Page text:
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Johnstone and Silverman (2005) claimed that for large x

$\frac{1-\Phi(x)}{\phi(x)} \approx \frac{1}{x}$

where $\Phi(x)$ and $\phi(x)$ are the CDF and PDF for a normal random variable.

I was able to verify the claim numerically. Q: But how would I show this analytically? This seems like it should be easy, but I can't figure it out. Also, Q: Is there a symbolic logic system (e.g., Mathematica) that can generate these sort of approximations?

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Hint: integration by parts in the integral for the CDF. This is a very standard trick for finding asymptotic approximations for many kinds of integrals. – Zen Harper Sep 5 '11 at 1:30
@Zen: Ahh, nice trick. Then you generate a power series in $1/x$---the one given by @Robert below. – lowndrul Sep 5 '11 at 18:40
up vote 3 down vote accepted

If you interpret this as the existence of the limit $$ \lim_{x \rightarrow \infty} \frac{x(1-\Phi(x))}{\phi(x)} $$ then it is easy to verify using l'Hopital's rule.

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@Deane: Ahh yes. Easy. I suspected. :( Second derivatives of numerator and denominator do the trick. – lowndrul Sep 5 '11 at 18:19

In Maple:

with(Statistics): Phi:= CDF(Normal(0,1),x): phi:= PDF(Normal(0,1),x): asympt((1-Phi)/phi,x,10);

$\frac{1}{x} - \frac{1}{x^3} + \frac{3}{x^5} - \frac{15}{x^7} + \frac{105}{x^9} + O\left(\frac{1}{x^{11}}\right)$

See also for the sequence of coefficients

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@Robert. VERY useful. I must get Maple (or Mathematica). Thx! – lowndrul Sep 5 '11 at 19:03

Reproducing a lemma from the classic Feller book, first we can write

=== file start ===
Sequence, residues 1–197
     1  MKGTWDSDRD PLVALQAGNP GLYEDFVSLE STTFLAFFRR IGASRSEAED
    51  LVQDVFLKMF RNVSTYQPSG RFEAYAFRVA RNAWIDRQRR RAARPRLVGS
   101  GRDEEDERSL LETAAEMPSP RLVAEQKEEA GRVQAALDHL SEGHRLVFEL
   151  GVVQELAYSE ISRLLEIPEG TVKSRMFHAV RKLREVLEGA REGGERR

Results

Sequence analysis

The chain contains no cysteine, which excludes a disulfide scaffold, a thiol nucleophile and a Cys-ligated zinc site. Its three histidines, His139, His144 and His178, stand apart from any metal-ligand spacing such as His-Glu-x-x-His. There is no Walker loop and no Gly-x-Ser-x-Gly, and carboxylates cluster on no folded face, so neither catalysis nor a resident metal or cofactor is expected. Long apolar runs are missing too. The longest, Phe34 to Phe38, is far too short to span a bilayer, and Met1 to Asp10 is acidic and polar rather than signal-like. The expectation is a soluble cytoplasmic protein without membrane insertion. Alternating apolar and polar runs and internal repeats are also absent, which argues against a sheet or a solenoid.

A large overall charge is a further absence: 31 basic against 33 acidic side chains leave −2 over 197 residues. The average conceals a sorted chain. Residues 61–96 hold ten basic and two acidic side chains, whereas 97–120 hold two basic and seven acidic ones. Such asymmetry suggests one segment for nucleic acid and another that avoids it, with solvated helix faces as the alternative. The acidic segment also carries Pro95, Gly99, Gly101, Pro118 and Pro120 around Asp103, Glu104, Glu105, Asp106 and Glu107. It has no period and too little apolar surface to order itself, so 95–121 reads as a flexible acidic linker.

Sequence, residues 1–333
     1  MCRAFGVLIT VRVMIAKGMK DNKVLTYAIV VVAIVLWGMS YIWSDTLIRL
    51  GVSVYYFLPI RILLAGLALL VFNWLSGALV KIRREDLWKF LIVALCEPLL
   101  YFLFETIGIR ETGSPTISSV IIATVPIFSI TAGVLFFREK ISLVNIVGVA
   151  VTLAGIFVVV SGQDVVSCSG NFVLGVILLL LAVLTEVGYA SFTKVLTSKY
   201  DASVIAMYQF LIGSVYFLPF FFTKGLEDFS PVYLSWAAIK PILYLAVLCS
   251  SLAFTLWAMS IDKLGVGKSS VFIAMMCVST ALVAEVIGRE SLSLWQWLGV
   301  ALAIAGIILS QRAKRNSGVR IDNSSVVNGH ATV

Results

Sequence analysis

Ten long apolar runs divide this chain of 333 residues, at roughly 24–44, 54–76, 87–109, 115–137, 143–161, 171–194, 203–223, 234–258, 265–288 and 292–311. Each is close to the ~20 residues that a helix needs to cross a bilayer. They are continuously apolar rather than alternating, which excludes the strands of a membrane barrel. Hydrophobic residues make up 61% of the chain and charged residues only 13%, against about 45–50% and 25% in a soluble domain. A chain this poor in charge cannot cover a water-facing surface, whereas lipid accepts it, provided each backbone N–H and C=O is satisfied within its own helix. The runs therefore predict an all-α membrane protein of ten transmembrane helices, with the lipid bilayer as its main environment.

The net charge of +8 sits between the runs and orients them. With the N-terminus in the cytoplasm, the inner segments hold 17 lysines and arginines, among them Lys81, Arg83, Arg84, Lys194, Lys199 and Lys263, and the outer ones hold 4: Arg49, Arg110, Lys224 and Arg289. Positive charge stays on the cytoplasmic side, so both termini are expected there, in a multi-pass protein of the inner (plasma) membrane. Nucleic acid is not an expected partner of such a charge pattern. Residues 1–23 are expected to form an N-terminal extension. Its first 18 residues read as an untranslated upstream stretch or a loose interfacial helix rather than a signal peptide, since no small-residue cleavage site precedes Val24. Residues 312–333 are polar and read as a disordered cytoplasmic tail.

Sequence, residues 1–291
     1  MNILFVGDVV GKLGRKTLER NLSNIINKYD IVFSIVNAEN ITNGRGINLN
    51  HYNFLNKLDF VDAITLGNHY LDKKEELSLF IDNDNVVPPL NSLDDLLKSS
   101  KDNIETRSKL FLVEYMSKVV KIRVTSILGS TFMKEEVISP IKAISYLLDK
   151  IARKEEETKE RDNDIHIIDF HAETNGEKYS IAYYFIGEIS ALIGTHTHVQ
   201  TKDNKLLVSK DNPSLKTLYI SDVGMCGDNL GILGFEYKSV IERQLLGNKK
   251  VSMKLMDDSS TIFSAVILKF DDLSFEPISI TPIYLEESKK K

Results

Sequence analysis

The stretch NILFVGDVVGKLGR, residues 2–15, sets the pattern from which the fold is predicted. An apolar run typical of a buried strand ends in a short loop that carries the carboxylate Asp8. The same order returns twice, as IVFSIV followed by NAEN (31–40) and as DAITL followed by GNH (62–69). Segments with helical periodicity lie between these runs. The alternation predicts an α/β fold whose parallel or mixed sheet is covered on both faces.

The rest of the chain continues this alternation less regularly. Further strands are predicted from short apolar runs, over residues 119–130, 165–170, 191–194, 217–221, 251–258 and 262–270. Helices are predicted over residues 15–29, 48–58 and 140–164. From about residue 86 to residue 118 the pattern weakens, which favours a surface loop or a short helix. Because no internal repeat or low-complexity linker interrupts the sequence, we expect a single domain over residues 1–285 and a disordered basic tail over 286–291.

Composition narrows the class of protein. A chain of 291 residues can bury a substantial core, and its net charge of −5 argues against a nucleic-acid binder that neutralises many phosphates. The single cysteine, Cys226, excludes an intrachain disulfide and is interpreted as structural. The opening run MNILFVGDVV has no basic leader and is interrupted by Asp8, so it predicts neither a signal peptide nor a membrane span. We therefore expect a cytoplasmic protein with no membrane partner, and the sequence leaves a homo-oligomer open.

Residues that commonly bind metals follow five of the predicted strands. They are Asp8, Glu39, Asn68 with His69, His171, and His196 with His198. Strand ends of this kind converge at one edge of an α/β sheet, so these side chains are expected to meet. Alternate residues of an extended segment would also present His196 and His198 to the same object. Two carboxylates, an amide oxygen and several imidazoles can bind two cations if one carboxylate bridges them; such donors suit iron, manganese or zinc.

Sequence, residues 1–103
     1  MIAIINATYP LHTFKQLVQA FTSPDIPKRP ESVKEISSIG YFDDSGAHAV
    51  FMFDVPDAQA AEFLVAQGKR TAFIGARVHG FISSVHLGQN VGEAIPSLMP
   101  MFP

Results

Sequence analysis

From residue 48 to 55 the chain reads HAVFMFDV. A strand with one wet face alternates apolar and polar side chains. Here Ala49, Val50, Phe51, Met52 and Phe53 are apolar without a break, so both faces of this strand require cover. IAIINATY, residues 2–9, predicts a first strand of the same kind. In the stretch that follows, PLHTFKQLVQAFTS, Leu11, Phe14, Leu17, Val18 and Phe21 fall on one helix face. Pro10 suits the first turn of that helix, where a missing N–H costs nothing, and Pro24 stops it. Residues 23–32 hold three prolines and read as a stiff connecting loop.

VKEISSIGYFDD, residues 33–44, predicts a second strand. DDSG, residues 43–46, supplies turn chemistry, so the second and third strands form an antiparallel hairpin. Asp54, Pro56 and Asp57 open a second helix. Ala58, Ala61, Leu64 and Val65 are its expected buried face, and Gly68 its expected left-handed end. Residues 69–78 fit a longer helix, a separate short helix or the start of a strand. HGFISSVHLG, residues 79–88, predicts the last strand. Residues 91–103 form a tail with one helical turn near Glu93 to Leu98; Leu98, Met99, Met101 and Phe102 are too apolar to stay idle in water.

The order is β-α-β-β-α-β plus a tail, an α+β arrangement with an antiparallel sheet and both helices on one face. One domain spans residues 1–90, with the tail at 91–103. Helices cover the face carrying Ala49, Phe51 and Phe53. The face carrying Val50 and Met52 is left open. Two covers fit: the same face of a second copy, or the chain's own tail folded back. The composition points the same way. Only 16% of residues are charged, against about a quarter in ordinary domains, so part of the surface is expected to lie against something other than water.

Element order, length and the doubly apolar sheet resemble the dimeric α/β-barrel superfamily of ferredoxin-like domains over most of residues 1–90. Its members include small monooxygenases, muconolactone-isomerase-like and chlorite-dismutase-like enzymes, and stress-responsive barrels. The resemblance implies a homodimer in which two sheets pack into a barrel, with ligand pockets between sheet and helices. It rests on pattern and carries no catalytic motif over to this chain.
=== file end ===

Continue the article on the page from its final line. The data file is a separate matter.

$$ (1-3x^{-4})\phi(x)<\phi(x)<(1+x^{-2})\phi(x). $$

Integrating this from $x$ to $+\infty$, we obtain

$$(x^{-1}-x^{-3})\phi(x)<1-\Phi(x)< x^{-1}\phi(x),$$

so you easily get an approximation rate $x^{-3}\phi(x)$, too.

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Something is wrong here - for example the first line is a little too trivial. Could you please provide the exact reference? – domotorp Feb 12 '14 at 22:46
@domotorp: I don't happen to have Feller's book anywhere around, but I do not see what seems to be a problem. Yes, the first line of inequalities is trivial, but it is only a differential version of the second one. – Yuri Bakhtin Feb 13 '14 at 4:33
The coefficients on the l.h.s. are chosen so that a certain cancellation occurs when you differentiate the l.h.s. of the second chain of inequalities. – Yuri Bakhtin Feb 13 '14 at 4:48
I see, nice trick! What I meant was - what is "Feller's book"? For someone not knowing much about the topic, this does not reveal much... – domotorp Feb 13 '14 at 5:47
@domotorp: W.Feller. An Introduction to Probability Theory and its Applications, Vol I and II – Yuri Bakhtin Feb 13 '14 at 18:23

If $Y(x)=(1-\Phi(x))/\phi(x)$, it is easy to check that $Y'(x)=xY(x)-1$ and from this anything you like follows by standard methods.

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@Brendan. Then by L'hospital's rule on $Y'(x)$ we get that $\lim_{\infty}Y'(x)=0$ so that $\lim_{\infty}xY(x)=1$ or $Y(x) \approx \frac{1}{x}$ as x becomes large. Thx! – lowndrul Sep 5 '11 at 19:01

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